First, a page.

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With vacant reckless smile she bore

Patient, the cruel scorner's jest,
With unfix'd

gaze
could

pass

it o'ery And turn it pointless from her breast.

Her tongue, unable to display

The unform'd chaos of her mind, No sense its rude sounds could convey

But to parental instinct kind.

Yet close to ev'ry human form

Clings Imitation's mimic power, And she was fond and proud to own

The school time's regulated hour.. And o'er the mutilated page

Mutter'd the mimic lesson's tone, And e'er the scholar's task was said,

Brought ever and anon her own.. And many a truant boy would seek

And drag reluctant to his place, And e'en the master's solemn voice

Would mock with grave and apt grimaces Each heart humane could freely love.

A nature so estrang'd from wrong, That even infants would remove

Her from the passing trav'ller's tongue.
But her prime joy was still to be

Where holy congregations bow,
Rapt in wild transports when they sung,

And when they pray'd would bend her low..

Oh Nature ! wheresoe'er thou art,

Some latent worship still is there; Blush ye! whose form without a heart

The ideot's plea can never share.

Poor guileless thing! just eighteen years

Parental cares had rear'd alone, Then, lest thou e'er shouldst want these cares,

Heaven took thee, spotless, to its own. Full many a watchful

eye

of love Thy sickness and thy death did cheer, And Reason, while she joys, approves

The instinct of a parent's tear. Poor guileless thing ! forgot by men,

The heaving turf directs to thee ; 'Tis all thou art to mortal ken,

But Faith beyond the tomb can see. For what a burst of mind shall glow

When, disencumber'd from this clod, Thou, who on earth couldst nothing know,

Shalt rise to comprehend thy God! Oh, could thy spirit teach us now,

Full many a truth the gay might learn, The value of a blameless life

Full many a scorner might discern. Yes! they might learn, who waste their time,

What it would be to know no sin, They who pollute the soul's sweet prime,

What to be spotless pure within.

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Go then, and seek her humble grave,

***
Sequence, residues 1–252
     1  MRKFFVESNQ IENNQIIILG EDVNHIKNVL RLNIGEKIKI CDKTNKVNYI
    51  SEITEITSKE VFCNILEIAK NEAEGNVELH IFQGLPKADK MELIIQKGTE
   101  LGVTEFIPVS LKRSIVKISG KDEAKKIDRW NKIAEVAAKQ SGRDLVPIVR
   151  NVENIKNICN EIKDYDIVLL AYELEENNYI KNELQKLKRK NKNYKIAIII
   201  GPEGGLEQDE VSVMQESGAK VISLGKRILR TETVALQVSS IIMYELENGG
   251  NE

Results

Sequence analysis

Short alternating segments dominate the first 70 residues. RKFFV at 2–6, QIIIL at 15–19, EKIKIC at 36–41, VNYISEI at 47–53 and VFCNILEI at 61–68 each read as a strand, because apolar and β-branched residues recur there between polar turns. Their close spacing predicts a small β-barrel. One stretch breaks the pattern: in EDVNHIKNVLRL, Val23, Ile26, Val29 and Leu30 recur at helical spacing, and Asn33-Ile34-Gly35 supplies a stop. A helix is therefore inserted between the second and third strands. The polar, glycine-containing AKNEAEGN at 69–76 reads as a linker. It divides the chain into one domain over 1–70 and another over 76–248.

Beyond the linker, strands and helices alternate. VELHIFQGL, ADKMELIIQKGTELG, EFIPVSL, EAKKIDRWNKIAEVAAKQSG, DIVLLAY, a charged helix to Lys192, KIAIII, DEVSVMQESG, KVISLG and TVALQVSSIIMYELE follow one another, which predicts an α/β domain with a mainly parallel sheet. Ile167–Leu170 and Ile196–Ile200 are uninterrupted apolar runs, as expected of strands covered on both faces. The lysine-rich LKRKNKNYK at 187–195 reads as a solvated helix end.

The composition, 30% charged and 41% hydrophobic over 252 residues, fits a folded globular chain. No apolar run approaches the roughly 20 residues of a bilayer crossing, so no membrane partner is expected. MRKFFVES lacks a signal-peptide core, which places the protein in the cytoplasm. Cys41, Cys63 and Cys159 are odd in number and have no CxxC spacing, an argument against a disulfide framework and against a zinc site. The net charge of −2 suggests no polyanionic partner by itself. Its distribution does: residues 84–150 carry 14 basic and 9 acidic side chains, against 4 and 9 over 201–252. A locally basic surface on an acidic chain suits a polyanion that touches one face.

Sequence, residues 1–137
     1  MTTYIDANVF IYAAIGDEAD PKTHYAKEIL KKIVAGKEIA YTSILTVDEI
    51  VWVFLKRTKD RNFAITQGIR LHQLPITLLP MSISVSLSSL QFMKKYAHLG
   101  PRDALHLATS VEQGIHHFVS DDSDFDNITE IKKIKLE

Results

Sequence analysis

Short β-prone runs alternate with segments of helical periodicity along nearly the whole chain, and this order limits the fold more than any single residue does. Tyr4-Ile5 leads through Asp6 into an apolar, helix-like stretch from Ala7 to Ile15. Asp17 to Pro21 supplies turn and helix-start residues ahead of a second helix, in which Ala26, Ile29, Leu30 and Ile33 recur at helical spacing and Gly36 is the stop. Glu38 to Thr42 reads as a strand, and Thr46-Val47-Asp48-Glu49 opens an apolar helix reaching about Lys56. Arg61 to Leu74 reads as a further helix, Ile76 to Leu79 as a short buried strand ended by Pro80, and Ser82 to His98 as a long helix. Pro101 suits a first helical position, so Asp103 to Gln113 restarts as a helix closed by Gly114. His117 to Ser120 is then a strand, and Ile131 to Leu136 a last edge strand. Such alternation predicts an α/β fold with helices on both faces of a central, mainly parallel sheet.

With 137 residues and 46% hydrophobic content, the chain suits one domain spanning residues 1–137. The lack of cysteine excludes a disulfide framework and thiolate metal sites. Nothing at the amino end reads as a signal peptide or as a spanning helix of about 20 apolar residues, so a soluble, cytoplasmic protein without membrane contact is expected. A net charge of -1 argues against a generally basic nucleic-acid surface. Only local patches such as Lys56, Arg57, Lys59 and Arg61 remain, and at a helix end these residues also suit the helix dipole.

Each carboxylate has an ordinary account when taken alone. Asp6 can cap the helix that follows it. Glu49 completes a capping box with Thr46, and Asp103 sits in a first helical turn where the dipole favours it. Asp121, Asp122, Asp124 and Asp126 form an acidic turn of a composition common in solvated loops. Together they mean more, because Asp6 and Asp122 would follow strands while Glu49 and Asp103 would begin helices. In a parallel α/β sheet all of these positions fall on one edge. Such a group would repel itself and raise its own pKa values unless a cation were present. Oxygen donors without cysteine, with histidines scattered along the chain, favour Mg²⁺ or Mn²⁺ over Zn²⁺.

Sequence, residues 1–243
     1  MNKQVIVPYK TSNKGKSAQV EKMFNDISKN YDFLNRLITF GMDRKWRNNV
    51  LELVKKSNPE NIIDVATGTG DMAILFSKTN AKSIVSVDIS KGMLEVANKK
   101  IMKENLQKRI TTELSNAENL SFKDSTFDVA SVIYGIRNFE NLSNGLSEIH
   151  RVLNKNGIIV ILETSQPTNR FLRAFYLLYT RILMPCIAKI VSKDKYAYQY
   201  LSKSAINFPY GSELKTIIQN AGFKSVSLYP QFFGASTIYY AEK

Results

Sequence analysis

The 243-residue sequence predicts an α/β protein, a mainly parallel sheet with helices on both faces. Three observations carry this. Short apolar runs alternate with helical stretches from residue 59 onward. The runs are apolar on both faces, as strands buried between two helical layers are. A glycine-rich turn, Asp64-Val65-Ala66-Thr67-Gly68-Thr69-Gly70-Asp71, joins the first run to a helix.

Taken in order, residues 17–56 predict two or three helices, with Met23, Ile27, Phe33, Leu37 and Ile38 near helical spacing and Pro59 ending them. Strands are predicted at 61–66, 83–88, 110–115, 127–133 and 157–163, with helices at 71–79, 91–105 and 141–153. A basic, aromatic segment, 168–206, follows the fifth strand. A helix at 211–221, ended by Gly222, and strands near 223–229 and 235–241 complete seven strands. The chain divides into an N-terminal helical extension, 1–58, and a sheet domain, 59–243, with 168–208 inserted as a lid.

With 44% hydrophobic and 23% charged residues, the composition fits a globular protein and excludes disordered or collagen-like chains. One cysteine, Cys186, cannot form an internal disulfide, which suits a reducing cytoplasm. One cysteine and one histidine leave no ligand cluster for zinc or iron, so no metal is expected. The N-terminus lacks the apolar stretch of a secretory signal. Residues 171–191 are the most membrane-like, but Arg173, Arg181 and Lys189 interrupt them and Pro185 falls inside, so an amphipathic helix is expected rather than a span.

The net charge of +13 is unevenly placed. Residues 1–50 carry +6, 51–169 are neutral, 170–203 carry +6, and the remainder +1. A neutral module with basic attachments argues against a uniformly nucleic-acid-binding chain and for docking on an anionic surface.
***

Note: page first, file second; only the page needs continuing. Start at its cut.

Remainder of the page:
All ye wħo sport in Folly's ray,
And as the gale the grass shall wave,

List to a voice that seems to say, -
* 'Tis not the measure of your powers

" To which th' eternal meed is given :
or 'Tis wasted or improved hours

“Shall forfeit or secure you heaven.”

ON A YOUNG WOMAN FOUND DEAD IN

ST. GEORGE's FIELDS.--Miss M. Young,

UNHAPPY daughter of distress and woe,
Whate'er thy suff'rings, and whoe'er thou art,
For thee the tear of charity shall flow,
Warm from the purest fountain of the heart.

Tho' now, alas! abandon'd and unknown,
A parent once beheld thee with delight;
The darling of a father's heart alone,
Or the lov'd object of a mother's sight!

For thee, perhaps, they watch’d, and toil'd, and

pray'd, O'er thy sweet innocence with rapture hung, And well they thought their tend'rest care repaid To hear the artless music of thy tongue !

When dawning Reason shed her ray benign,
And all thy excellence became reveal'd,
How did they joy to see thy virtues shine,
Or hear thy praise with rapture ill-conceald !
For who, alas ! can tell thy secret worth?
What shining store of virtues might appear?
The bosom, now defenceless on the earth,
Perhaps was gen'rous, grateful, and sincere.
The lips, that knew no friend to bid farewell,
Might once the noblest sentiments express ;
The wretched head, that unsupported fell,
Might once be turn'd to stories of distress.
Some vile deceiver (practis'd to betray)
Might win thy easy heart, destroy thy fame,
Then cast thee like a loathsome weed

away, The sport of fortune, and the child of shame

Poor wanderer! perhaps thou could'st not find
One liberal hand the slender gift to spare:
Insatiate avarice the soul confin'd,
Or timid prudence disbeliev'd thy prayer !

Then from the world, abandon'd and forlorn,
Careless of life, and hopeless of relief,
Thine agonizing soul retir'd to mourn,
And breathe its last in unmolested grief !!

Whate'er has been thy lot, lamented shade,
From sin at length and sorrow thou art free ;;
Thy debt to virtue it is amply paid,
And weeping Pity pays her debt to thee.

JESSY.

Describing the Sorrow of an ingenuous Mind, on the melancholy Event of a licentious Amour.

Shenstone.

Why mourns my friend'? why weeps his down

cast eye? Thateyê where mirth, where fancy usd.co

shine? Thy chearful meads reprove that swelling sigh ;.

Spring ne'er enamel'd fairer meads than thine. Art thou not lodgid in Fortune's warm embrace?

Wert thou not form'd by Nature's partial care Blest in thy song, and blest in ev'ry grace,

That wins the friend, or that enchants the fair

Damon, said he, thy partial praise restrain;

Not Damon's friendship can my peace restore ; Alas! his very praise awakes my pain,

And my poor wounded bosom bleeds the more.. For oh! that nature on my birth had frown'd!

Or fortune fix'd me to some lowly cell! Then had my bosom 'scap'd this fatal wound,

Nor had I bid these vernal sweets farewell.

But, led by Fortune's hand, her darling child,

My youth her vain licentious bliss admir'd; In Fortune's train the sisen Flatt'ry smil'da

And rashly hallow'd all her queen inspir'da

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